Michael Dodds, OP (Coordinator), Robert Russell, 
Marga Vega

How can we speak of God as acting in the world as described in Revelation while at the same time respecting the “laws of nature” which seem to order the universe? St. Thomas Aquinas addressed this question with the help of the philosophy of Aristotle by using the notion of the analogy of being. Contemporary physics, however, has diverged significantly from the paradigm of Aristotelian physics; Thomistic principles are rarely mentioned in discussions concerning the metaphysics underlying quantum field theory and general relativity. This calls into question the relevance of a theory of divine action based on Thomistic or Aristotelian thought. Can such a theory of objective special divine action meaningfully and concretely interface with contemporary science? This thesis presents the position of St. Thomas Aquinas on divine action and shows that the principles of Thomistic metaphysics, particularly the analogy of being, can address significant ontological questions that arise purely in the context of contemporary physics.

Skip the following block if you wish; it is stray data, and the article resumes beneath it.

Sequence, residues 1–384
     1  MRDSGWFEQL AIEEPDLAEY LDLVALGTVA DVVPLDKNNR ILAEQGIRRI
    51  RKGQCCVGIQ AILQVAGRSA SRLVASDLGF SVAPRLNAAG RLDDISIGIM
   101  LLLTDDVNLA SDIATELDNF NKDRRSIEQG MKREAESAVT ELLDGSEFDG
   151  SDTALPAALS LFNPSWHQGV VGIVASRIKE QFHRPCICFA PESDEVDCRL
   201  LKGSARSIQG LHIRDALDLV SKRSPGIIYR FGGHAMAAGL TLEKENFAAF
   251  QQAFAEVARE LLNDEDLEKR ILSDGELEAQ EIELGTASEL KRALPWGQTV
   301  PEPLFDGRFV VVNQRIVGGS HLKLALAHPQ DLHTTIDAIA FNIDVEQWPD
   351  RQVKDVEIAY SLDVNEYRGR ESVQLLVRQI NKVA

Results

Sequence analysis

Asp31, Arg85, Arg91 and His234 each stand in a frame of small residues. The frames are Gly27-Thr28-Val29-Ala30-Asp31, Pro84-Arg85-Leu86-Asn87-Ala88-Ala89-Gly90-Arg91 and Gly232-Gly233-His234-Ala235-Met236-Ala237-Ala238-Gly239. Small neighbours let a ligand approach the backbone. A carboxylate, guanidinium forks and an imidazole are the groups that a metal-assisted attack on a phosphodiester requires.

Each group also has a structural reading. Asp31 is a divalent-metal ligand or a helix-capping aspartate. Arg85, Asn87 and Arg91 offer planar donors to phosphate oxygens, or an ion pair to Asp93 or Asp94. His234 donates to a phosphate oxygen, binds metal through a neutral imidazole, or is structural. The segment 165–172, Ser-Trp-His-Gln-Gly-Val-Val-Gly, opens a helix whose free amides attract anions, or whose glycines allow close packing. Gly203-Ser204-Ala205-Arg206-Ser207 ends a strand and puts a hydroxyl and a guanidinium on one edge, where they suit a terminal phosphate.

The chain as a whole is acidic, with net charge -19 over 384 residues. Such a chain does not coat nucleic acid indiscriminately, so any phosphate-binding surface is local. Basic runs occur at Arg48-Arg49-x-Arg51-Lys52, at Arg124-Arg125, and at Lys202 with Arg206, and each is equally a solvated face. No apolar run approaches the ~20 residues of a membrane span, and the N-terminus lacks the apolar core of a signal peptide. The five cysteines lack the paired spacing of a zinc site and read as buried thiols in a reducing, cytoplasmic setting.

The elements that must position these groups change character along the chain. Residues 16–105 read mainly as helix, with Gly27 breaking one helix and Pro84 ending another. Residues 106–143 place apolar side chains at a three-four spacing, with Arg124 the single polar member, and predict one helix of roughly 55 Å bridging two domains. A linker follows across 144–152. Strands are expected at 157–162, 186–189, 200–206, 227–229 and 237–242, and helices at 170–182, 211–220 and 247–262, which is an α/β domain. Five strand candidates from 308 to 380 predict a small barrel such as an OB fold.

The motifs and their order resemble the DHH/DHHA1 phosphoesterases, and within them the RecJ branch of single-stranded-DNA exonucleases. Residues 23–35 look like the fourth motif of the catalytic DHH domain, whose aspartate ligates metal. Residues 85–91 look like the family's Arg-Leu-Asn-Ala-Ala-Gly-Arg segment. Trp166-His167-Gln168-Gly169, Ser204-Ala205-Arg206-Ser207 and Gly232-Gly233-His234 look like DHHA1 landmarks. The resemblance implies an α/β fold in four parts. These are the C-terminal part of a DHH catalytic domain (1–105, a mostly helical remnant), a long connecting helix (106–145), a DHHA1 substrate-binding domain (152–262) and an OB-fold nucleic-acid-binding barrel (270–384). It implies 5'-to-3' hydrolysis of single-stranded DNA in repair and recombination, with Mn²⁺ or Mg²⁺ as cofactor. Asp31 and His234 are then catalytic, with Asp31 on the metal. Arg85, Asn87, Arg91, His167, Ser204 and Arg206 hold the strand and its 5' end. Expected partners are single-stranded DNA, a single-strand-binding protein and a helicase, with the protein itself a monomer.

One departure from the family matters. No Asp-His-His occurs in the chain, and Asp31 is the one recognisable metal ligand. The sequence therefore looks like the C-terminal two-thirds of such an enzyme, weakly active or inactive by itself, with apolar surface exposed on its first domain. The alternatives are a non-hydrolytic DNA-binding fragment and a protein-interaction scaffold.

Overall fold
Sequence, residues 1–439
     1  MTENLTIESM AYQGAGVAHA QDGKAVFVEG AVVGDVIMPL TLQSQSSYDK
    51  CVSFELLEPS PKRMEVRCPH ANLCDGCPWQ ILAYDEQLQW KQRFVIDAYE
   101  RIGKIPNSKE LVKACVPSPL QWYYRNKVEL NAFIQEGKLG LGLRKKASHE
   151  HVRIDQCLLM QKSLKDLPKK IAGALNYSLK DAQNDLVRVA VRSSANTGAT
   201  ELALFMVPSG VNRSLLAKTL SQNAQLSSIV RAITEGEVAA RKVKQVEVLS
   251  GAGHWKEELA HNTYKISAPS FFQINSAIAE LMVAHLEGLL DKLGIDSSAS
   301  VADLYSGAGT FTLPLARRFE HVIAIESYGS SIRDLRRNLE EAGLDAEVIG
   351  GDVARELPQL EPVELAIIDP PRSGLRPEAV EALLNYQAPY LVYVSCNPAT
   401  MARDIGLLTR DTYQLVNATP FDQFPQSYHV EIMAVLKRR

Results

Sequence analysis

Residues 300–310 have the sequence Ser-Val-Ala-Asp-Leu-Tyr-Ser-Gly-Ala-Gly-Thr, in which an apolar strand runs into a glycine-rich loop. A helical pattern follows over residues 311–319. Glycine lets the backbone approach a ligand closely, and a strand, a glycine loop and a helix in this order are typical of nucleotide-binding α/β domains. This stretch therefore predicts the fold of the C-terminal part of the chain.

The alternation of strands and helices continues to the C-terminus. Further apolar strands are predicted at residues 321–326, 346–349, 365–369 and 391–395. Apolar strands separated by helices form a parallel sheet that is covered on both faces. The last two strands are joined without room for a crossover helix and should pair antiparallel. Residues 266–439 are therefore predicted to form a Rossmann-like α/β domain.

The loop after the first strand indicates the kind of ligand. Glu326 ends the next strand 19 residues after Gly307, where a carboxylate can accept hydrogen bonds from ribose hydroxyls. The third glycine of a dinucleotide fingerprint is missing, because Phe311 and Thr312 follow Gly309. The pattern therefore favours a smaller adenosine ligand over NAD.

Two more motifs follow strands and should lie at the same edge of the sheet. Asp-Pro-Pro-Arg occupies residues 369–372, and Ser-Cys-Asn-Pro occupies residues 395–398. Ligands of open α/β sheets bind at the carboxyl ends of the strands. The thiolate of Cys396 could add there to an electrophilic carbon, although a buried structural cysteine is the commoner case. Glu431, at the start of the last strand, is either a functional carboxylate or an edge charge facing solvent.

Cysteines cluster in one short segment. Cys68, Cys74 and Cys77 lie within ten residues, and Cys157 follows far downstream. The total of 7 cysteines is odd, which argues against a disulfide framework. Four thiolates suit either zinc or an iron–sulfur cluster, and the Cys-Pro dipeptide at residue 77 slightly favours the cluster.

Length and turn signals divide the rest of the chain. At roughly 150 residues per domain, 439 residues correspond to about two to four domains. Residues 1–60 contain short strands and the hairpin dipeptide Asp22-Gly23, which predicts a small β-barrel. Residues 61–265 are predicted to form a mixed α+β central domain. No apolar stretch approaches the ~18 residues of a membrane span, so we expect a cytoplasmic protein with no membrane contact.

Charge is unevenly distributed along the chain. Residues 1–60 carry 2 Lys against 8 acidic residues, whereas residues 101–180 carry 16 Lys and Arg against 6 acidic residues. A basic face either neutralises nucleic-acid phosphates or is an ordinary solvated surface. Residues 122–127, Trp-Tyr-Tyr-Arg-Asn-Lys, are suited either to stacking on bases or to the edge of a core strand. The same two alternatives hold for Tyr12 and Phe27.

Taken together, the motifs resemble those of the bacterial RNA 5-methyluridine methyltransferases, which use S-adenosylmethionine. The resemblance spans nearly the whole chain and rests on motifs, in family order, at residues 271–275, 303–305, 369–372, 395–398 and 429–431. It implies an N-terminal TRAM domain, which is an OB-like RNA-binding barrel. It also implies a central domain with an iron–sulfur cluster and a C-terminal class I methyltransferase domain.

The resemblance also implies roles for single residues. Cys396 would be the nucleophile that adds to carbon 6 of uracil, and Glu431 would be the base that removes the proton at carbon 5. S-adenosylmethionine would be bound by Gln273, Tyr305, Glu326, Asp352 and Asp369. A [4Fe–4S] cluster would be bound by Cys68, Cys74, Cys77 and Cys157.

Aquinas’s De Regno and the Recovery of Political Philosophy

Student: Michael Grace, KM
Justin Gable, OP (Coordinator), Edward Krasevac, OP, Anselm Ramelow, OP

This thesis examines Leo Strauss’s diagnosis of the principal causes for the decay of political philosophy in the modern world. Strauss called for its renewed study through a deeper understanding of medieval political philosophy, especially as expressed in the writings of Maimonides and al Farabi. This thesis argues that the approach of Thomas Aquinas is more adaptable to the nature and circumstances of modern society than that of Maimonides or al Farabi. The recovery of political philosophy in the contemporary world requires a new look at Aquinas’s teaching, especially the recovery of virtue in private life, the common good in public life, and telos in civil society.

Lex Loquendi, Lex Orandi: Pickstock, Aquinas, and the Reform of the Roman Offertoria

Student: Jose Isidro Belleza
Bryan Kromholtz, OP (Coordinator), Anselm Ramelow, OP, Justin Gable, OP